I try to be level-headed and logical about this and remind myself that my neurpsych has been doing this for many years, and they have certainly seen worse cases than me. But still, not being able to be a full participant in the process and being a subject of examination and enquiry… well, that makes me uncomfortable, and even if I do trust the doctor. I just don’t know what to expect, and I cannot manage my wild rang of emotions, if I don’t know what I’m managing for.

Fortunately, I do feel better this a.m. — not so much pain, not so much tenderness. I got a bit of a massage yesterday p.m., and it really, really helped. Even if it was painful at times — I don’t care. Short-term pain for long-term benefits. I’ll take the pain in the short-term, if it will help me feel this much better in the a.m.

I still have discomfort when I move – especially in my hips and lower back. And my elbows are still sore. And my thighs are still tender. But I can push up my sleeves, so they’re not chafing my wrists, and my body isn’t screaming so loud I can’t hear myself think.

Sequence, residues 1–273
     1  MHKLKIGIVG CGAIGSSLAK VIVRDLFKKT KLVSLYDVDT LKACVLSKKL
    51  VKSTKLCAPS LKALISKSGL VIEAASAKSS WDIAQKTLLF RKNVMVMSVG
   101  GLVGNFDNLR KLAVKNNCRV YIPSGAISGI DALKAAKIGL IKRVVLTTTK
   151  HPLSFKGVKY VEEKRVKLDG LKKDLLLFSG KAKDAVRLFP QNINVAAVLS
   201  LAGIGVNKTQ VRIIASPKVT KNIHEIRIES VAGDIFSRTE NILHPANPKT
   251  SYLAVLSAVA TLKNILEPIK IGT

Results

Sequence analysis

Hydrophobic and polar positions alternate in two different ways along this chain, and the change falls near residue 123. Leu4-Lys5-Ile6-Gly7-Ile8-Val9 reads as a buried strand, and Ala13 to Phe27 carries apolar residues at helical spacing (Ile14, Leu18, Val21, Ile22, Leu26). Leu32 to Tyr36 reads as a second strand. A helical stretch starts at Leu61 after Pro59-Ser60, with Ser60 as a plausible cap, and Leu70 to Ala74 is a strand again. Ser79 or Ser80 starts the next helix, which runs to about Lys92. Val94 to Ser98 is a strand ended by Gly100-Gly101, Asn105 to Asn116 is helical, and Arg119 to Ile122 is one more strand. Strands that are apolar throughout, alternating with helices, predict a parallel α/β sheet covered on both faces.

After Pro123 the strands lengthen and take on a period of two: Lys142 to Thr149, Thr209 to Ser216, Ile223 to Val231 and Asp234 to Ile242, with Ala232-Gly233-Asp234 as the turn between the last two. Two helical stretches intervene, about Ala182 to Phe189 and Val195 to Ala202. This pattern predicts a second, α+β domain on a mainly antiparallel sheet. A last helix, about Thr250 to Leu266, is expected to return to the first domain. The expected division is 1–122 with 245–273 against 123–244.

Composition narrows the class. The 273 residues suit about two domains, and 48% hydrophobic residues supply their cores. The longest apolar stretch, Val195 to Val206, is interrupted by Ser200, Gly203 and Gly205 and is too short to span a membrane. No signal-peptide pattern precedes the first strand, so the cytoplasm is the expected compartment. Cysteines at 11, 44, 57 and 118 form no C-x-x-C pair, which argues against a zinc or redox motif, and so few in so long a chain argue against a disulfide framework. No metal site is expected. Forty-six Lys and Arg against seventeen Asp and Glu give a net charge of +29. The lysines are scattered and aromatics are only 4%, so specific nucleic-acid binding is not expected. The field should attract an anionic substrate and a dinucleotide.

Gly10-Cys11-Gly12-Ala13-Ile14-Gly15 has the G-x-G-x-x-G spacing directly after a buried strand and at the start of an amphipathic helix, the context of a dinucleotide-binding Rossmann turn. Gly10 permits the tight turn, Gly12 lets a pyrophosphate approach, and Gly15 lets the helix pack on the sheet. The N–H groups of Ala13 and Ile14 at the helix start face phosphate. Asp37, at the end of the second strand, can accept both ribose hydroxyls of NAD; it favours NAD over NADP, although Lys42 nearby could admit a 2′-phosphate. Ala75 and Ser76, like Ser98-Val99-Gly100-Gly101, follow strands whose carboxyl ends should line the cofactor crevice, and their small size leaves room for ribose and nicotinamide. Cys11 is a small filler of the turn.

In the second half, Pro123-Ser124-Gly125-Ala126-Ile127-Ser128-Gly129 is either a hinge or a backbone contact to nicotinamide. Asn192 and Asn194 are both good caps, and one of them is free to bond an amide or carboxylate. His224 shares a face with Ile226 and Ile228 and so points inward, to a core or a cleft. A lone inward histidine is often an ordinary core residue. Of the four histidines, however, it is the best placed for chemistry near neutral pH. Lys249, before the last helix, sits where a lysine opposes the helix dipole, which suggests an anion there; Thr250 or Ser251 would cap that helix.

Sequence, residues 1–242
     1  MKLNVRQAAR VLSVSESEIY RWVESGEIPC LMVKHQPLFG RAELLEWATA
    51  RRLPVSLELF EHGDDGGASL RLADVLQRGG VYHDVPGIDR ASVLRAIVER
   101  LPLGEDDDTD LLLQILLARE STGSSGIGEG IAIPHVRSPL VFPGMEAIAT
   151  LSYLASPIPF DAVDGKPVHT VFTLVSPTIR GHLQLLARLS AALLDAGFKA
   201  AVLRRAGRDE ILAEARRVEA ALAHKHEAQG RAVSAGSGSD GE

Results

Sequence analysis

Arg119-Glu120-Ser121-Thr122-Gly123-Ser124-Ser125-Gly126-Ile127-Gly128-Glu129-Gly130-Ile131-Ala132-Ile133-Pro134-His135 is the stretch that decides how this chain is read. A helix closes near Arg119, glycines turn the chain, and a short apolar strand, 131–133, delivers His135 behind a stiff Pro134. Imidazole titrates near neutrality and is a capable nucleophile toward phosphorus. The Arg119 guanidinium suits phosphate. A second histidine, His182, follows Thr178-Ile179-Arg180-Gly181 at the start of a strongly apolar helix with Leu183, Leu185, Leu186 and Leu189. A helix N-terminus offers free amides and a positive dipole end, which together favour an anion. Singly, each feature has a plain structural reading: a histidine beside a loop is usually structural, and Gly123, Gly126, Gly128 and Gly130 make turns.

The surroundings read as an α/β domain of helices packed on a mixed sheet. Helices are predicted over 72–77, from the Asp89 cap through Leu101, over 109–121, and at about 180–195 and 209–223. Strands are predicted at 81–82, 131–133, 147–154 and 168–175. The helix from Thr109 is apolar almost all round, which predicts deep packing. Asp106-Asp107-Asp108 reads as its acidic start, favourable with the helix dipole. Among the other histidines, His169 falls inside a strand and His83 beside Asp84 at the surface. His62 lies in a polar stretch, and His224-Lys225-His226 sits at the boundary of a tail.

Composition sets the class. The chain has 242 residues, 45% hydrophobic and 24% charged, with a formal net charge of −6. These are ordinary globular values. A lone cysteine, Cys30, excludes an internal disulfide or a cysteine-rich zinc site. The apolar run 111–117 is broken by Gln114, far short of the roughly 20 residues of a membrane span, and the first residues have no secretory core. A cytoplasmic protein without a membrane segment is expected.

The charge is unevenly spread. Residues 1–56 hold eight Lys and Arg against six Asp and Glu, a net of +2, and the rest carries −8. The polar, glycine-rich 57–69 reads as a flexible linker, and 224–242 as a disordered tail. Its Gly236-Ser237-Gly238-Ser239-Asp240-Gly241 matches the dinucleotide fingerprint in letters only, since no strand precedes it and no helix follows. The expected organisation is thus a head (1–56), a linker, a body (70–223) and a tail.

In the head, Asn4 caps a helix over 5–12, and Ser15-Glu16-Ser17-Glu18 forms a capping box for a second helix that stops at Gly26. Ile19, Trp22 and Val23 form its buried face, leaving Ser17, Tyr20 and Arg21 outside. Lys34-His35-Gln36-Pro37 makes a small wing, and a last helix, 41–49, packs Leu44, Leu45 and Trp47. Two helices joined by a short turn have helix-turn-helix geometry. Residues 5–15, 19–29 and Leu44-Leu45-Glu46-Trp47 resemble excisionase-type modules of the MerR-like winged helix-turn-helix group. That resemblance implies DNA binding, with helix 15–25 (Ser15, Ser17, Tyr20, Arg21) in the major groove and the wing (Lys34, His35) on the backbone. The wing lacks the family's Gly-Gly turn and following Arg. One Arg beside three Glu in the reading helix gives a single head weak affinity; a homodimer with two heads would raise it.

I tried the Arnica yesterday. i can’t say I noticed an immediate effect, but I’m going to keep trying it — 4 tablets dissolved under my tongue 4 times a day, for a few days. I’m going to take it again after I finish my cup of coffee. (I’ve heard that you have to be careful taking homeopathic remedies when you’re eating or drinking. It’s my understanding that the remedy needs to be the only think you can taste… or I could be wrong.) I’m not off caffeine entirely — that would be too much. But I am cutting back. I only had one cup yesterday, which I think helped me sleep.

This arnica experiment is definitely going to be totally screwed up by my other changes I’m making. In a “real” test, the only thing I would change would be taking the arnica, not getting more sleep or changing my diet or getting more exercise. But dude, I’m in pain, and I need it to stop, so I can get on with my life.

Thinking about the role that pain has played in my life, I think there’s a definite trauma aspect to it. I have friends who specialize in treating trauma, both in medical and psychological environments, and they talk a lot about it. They also love to tell me I’m a “trauma survivor” — having had a whole bunch of accidents that left me progressively more impaired, as the years went on, along with the social, interpersonal, and physical after-effects of my impairments that haven’t helped me get by in the world.

And since I have a history of trauma — physical, as well as psychological — I have to admit I do show signs of PTSD.

Over at Wikipedia — http://en.wikipedia.org/wiki/Posttraumatic_stress_disorder — I found this (note: my comments are in italics):

The diagnostic criteria for PTSD, per the Diagnostic and Statistical Manual of Mental Disorders IV (Text Revision) (DSM-IV-TR), may be summarized as:[1]